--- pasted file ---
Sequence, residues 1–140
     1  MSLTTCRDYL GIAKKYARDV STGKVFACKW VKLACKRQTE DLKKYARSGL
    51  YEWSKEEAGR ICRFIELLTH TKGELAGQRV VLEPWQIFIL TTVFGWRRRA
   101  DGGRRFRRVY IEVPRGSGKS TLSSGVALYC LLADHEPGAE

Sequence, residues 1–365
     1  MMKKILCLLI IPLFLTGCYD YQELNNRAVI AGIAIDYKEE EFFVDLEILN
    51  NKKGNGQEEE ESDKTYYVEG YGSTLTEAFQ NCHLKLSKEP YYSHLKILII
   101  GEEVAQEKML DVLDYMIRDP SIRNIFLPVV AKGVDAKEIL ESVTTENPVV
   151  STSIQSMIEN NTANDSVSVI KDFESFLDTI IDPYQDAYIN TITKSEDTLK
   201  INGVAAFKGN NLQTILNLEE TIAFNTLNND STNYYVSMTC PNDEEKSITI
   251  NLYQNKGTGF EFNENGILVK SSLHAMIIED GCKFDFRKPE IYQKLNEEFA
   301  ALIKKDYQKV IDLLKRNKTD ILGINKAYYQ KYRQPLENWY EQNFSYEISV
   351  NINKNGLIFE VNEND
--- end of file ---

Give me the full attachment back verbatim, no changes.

Sequence, residues 1–140
     1  MSLTTCRDYL GIAKKYARDV STGKVFACKW VKLACKRQTE DLKKYARSGL
    51  YEWSKEEAGR ICRFIELLTH TKGELAGQRV VLEPWQIFIL TTVFGWRRRA
   101  DGGRRFRRVY IEVPRGSGKS TLSSGVALYC LLADHEPGAE

Sequence, residues 1–365
     1  MMKKILCLLI IPLFLTGCYD YQELNNRAVI AGIAIDYKEE EFFVDLEILN
    51  NKKGNGQEEE ESDKTYYVEG YGSTLTEAFQ NCHLKLSKEP YYSHLKILII
   101  GEEVAQEKML DVLDYMIRDP SIRNIFLPVV AKGVDAKEIL ESVTTENPVV
   151  STSIQSMIEN NTANDSVSVI KDFESFLDTI IDPYQDAYIN TITKSEDTLK
   201  INGVAAFKGN NLQTILNLEE TIAFNTLNND STNYYVSMTC PNDEEKSITI
   251  NLYQNKGTGF EFNENGILVK SSLHAMIIED GCKFDFRKPE IYQKLNEEFA
   301  ALIKKDYQKV IDLLKRNKTD ILGINKAYYQ KYRQPLENWY EQNFSYEISV
   351  NINKNGLIFE VNEND